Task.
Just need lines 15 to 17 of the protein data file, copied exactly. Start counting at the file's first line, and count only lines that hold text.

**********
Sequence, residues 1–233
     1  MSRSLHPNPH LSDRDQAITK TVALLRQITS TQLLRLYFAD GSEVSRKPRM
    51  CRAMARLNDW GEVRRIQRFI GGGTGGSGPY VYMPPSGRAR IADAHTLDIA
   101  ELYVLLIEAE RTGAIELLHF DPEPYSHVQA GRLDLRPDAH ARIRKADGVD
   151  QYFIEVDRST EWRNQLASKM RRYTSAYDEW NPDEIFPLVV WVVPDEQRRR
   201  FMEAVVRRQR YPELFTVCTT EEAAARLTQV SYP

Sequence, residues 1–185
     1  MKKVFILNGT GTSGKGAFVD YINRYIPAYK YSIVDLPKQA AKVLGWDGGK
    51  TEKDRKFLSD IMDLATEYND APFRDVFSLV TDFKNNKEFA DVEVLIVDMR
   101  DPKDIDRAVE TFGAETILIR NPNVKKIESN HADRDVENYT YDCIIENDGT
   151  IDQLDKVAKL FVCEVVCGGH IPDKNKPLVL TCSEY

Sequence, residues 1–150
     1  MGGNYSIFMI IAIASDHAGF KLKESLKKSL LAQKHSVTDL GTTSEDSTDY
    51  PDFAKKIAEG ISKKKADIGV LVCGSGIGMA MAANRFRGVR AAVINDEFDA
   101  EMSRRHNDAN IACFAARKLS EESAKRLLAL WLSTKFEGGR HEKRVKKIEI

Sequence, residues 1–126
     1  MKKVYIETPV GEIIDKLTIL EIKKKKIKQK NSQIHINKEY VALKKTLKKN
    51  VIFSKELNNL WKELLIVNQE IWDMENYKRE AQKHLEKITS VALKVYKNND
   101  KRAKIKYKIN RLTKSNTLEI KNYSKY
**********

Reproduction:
   101  EMSRRHNDAN IACFAARKLS EESAKRLLAL WLSTKFEGGR HEKRVKKIEI

Sequence, residues 1–126
     1  MKKVYIETPV GEIIDKLTIL EIKKKKIKQK NSQIHINKEY VALKKTLKKN